Jig Color Considerations
You've got to pick just one
Some anglers say color doesn't matter much. They say you can get by with black blue jigs, green pumpkin soft baits and chartreuse white spinnerbaits are all they ever need. I'm not one of them.
I've seen color matter too many times. While I don't want to overplay the importance of color, I don't want to discount it either.
The biggest tip I can give you when it comes to color is to keep an open mind, meaning don't get married to any favorites and don't cotton to "go to" colors. That's the best attitude - unattached and indifferent - to have toward color. In time, it is true you will get settled down into your usual or standard colors you use. Just don't get emotionally attached to them. Keep looking for what color the fish want - not what you want.
Bottom line, you've got to pick just one color - meaning you can only tie one color jig on the end of your line. You can only present one color on a cast. The color you have tied on will influence how many fish you catch. So keep an open mind and make the color you cast count.
In paging through this article, you'll notice a number of different jig skirt colors. In assessing so many colors, almost everyone forms the same questions at first along these lines:
- "Why are there so many different colors?"
- "Which color do you use where or when?"
- "Can one angler really even use - or need - so many colors?"
- "How can one possibly cope with or manage so many colors?"
- "When all is said and done, what are the very best jig colors?"
So that's why I'd like to first summarize for you some of the feedback I have gotten from anglers who use skirted jigs worldwide. This may help to narrow down some of the most popular and productive jig colors for you.
First, let's sidestep down nostalgia lane. Historically, black or brown jigs (with various accent colors such as a thin swatch of blue or purple) seem most popular. This may be because originally, latex rubber jigs (also called "living rubber") were really only available in black or brown rubber (with accents of red, blue, orange or purple rubber). There weren't many other color options for latex rubber jigs.
Nowadays, most jigs are silicone, not latex rubber. There are many more color options today with silicone. Nevertheless, the black, black blue, black red, brown and brown purple colors still rank among the most popular, no doubt due in part to their long legacy as limited colors of living rubber.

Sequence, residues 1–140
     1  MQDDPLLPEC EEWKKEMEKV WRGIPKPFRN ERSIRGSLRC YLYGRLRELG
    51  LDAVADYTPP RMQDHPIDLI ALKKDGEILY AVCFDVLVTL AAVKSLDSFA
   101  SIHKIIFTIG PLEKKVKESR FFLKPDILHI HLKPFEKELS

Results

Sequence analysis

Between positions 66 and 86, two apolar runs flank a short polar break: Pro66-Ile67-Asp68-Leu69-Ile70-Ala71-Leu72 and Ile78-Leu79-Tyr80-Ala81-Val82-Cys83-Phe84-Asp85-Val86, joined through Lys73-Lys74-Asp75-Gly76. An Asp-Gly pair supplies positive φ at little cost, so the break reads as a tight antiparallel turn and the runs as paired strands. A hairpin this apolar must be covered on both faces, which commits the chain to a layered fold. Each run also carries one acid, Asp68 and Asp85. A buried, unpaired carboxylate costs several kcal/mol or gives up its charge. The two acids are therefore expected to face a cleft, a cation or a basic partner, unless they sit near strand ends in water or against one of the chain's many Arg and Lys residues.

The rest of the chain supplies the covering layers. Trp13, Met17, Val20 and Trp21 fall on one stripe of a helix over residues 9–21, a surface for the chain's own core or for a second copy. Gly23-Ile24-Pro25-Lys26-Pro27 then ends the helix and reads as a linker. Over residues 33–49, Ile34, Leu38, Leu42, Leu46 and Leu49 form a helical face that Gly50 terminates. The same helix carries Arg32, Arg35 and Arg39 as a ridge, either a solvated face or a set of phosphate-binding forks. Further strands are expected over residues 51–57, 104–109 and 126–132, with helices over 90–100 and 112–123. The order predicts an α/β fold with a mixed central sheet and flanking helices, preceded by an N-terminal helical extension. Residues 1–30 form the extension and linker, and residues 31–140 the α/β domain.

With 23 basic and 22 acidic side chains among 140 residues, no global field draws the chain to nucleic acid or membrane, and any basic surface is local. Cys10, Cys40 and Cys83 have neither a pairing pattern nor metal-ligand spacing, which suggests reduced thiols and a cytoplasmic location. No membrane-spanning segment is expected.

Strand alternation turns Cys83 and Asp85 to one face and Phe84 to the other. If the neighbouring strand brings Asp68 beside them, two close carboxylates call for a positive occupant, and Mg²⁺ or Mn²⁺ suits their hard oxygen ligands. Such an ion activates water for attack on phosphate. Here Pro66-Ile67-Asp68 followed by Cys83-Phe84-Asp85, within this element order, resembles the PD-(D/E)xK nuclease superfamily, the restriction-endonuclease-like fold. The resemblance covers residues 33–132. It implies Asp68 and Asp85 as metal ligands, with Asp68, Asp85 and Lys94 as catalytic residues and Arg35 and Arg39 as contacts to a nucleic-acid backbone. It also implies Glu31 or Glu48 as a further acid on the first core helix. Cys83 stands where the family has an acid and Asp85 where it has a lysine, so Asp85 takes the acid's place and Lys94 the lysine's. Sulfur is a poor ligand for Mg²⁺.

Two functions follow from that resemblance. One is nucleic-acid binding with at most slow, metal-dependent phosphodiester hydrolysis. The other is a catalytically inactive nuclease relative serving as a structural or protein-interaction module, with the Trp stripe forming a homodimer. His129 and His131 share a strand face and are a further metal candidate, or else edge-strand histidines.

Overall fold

Various good green color skirts, never really possible in living rubber, are nowadays gaining popularity as silicone skirts.
The "Dark Green Pumpkin" and the "Green Pumpkin Blend" are popular jig colors today. They have been used in a handful of tournament wins made by anglers.
The "Green Sunfish" color always seems to get mentioned as a good producer by anglers, especially on weedy lakes.
Another that always gets good feedback is the "June Bug Bluegill" used on jigs in murky water like deltas, muddy rivers and such.
A short list of other skirt colors that anglers tend to write me about most often to say they've done quite well with these colors on jigs include:
- Black Blue
- Black Blue Flash
- Black Brown Craw
- Olive Pumpkin
- Green Pumpkin Olive
- Brown Purple
- PBJ Flash
- Peanut Butter Jelly
A number of other colors certainly produce well too. I could mention another 6 or 8 good jig colors but I don't want to water down the list here. Just note that there are some other very good skirt colors - but the ones already listed above are the most popular color jig skirts cited by anglers who have done well worldwide. So that's the short list of what seems to be the top jig colors used by anglers.
Additionally, in Europe, anglers show a lot of confidence in the rusty red craw and black neon jig colors.
Across North America, are there regional differences reported in terms of jig colors? No. Dramatic differences are not reported from anglers in different regions across North America, including the USA, Canada and Mexico.
Where differences do exist, they seem to stem from water clarity, depth and whether weedy or rocky cover.
- Anglers who fish areas with overall shallower, darker water tend to report success on the various black blues, black reds, june bug bluegill and other darker-than-average colors.
- Anglers who fish areas with overall deeper, clearer impoundments (usually = rocky) tend more toward various browns, especially brown purples or peanut butter jelly colors.